liban

4

The Collège Protestant Français de Jeunes Filles in Beirut by Michel Écochard in 1961. The architect introduced many philosophies of Le Corbusier and modernism to the Middle East through this and other similar public projects. The design plays with light and shadows as well as the purity of white and simple lines. It allows for an optimistic space of learning and creativity unseen in French schools before this era.

Beirut, 1958

"For variety, few cities can match Lebanon’s bustling capital. Part Christian, part Moslem, Beirut combines East and West, ancient and modern. Contrasts stand out vividly in street scenes such as this on the Rue Georges Picot. … A sign over the blouse shop shows the cedar, Lebanon’s national symbol. The market-bound shepherd in Near Eastern headdress and Western jacket icily ignores the latest European fashions."

- As seen on National Geographic

7

B018 in Beirut by Bernard Khoury in 1998. B018 is a music club on the site of the ‘Quarantaine’, a refugee quarter wiped out in an attack in January 1976. The project is built below ground -embedded in a concrete drum - to avoid the exposure of a mass that could be seen as a rhetorical monument. At rest, it is almost invisible. It comes to life in the late hours of the night when its articulated roof constructed in heavy metal retracts hydraulically, exposing the club to the world above.

Back in the 1980s while Lebanon was still amidst war, Naji Gebran believed in music as therapy to ease the stress of the war. He started organizing parties, under the name Musical Therapy, at his chalet. According to Bethan Ryder in his book, Bar and Club, parties were later code-named B 018 due to the chalet’s location 18 kilometers north of Beirut. Others have attributed the name, B 018, to the security, access-code number of the chalet. Another urban legend claimed that the number or the address of the chalet was B 018. In any case, the parties became so popular and overcrowded that in 1993, Naji moved them to a warehouse in an industrial area of Sin El Fil. The club was then officially Christened B 018.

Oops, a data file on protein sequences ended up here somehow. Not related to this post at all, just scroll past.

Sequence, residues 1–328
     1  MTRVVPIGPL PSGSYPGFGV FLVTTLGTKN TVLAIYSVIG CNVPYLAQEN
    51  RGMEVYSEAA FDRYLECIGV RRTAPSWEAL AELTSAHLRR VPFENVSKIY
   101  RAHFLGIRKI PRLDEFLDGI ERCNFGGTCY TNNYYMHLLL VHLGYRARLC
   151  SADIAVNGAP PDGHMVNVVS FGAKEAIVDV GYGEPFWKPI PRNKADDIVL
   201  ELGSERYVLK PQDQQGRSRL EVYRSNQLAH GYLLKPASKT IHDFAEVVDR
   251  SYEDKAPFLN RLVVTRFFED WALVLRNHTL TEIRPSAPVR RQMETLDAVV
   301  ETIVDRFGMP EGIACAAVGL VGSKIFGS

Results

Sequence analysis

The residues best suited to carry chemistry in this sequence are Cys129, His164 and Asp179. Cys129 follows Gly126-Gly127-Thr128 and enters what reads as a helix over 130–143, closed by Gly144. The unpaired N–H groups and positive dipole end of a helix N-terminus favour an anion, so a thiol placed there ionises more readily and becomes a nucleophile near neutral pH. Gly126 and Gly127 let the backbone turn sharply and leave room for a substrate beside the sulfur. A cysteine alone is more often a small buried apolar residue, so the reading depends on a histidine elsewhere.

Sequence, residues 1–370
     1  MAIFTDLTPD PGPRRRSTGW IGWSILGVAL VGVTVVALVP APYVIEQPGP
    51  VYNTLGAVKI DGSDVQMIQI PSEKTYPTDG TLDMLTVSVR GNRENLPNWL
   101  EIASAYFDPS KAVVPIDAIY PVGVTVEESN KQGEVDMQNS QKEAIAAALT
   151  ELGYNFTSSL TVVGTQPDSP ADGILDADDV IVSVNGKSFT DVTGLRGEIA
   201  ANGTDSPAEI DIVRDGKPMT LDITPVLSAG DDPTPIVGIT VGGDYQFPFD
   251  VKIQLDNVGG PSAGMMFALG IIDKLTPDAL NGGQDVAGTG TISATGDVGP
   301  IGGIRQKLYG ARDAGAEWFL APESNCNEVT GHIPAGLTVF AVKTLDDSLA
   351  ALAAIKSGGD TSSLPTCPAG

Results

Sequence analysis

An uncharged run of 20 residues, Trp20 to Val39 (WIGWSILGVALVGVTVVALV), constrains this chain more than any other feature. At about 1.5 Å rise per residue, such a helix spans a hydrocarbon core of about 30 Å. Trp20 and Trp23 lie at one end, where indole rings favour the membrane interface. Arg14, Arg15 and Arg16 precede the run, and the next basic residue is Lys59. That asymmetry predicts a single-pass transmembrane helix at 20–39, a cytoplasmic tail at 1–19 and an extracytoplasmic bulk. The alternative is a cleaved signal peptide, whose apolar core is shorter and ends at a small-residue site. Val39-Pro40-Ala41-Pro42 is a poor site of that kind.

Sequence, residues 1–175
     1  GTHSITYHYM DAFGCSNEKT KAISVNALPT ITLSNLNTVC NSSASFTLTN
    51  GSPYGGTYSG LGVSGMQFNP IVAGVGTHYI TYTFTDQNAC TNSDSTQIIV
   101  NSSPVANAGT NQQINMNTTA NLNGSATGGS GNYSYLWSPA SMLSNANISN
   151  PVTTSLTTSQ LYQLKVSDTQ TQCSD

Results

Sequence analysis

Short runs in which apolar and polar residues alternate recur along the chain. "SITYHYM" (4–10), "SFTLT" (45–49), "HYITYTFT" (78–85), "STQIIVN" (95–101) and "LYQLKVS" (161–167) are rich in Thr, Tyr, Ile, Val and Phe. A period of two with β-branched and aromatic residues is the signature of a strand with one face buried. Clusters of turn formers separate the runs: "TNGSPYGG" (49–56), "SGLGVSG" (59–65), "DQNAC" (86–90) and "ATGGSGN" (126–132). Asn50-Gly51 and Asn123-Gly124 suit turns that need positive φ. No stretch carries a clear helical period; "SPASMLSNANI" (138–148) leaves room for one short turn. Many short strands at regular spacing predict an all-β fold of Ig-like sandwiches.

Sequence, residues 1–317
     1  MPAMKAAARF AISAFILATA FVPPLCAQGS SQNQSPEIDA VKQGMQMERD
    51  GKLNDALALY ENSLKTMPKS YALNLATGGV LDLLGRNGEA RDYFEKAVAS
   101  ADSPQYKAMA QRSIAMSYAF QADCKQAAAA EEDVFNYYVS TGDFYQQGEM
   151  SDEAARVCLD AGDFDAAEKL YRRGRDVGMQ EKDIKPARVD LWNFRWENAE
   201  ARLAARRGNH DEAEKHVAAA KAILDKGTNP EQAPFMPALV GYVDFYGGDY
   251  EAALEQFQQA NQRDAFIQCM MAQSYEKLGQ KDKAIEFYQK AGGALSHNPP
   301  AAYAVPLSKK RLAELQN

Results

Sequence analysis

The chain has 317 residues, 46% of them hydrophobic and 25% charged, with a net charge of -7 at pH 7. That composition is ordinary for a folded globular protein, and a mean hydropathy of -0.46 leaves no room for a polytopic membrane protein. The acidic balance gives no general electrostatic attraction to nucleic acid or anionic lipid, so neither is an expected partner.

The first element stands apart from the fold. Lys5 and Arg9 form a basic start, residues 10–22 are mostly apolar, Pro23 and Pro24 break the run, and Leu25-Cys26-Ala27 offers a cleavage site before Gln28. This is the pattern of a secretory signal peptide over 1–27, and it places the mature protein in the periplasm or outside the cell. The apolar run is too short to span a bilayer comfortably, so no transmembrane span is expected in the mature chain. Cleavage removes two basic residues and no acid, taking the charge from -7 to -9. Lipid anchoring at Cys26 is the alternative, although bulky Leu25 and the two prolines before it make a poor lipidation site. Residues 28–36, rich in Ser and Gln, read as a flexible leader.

In 1998, Bernard Khoury was hired to build a new home for B 018 at the Quarantaine, the neighborhood that witnessed some of the most horrific atrocities during the war. The plot of land where the club was built was believed to be the site of the former Palestinian camp. In his design, Khoury wanted to arouse bottled-up remembrances of the war and that was expressed in the club itself, which was sunk in the ground like a communal grave, and seats inside were shaped like coffins. The design of B 018 has been labeled as “war architecture”.The design included a circular iron plate that could be moved to cover the entire hypogeal night club at closing time so that from a bird’s-eye view, the club resembled a helicopter landing pad. During operation hours, the same covering plates could be lifted up, transforming the club into an open-air discotheque where revelers on the underground dance floor found themselves suddenly dancing under the starry sky of Beirut and their gyrating movements where reflected on the mirrored surfaces of the plates.

The club is one of Beirut’s most popular discothèques. It is often frequented by international celebrities such as Naomi Campbell. 

7

L’Hôpital du Sacré Cœur in Baabda, Lebanon by Michel Écochard in 1962. The structures are built using concrete however the landscaping focuses on the stones used in traditional Lebanese masonry. It is composed of a five-storey building, which forms the main façade, and a four-storey administration office block and dispensary. Perpendicular to this is the housing which includes a small chapel. An emphasis on light shielding structures indigenous to the Middle East is seen in the use of verandas and the brise-soleil. The architect introduces the ideas of light, geometric repetition, and strong lines that form the core of the Lebanese modernists movement.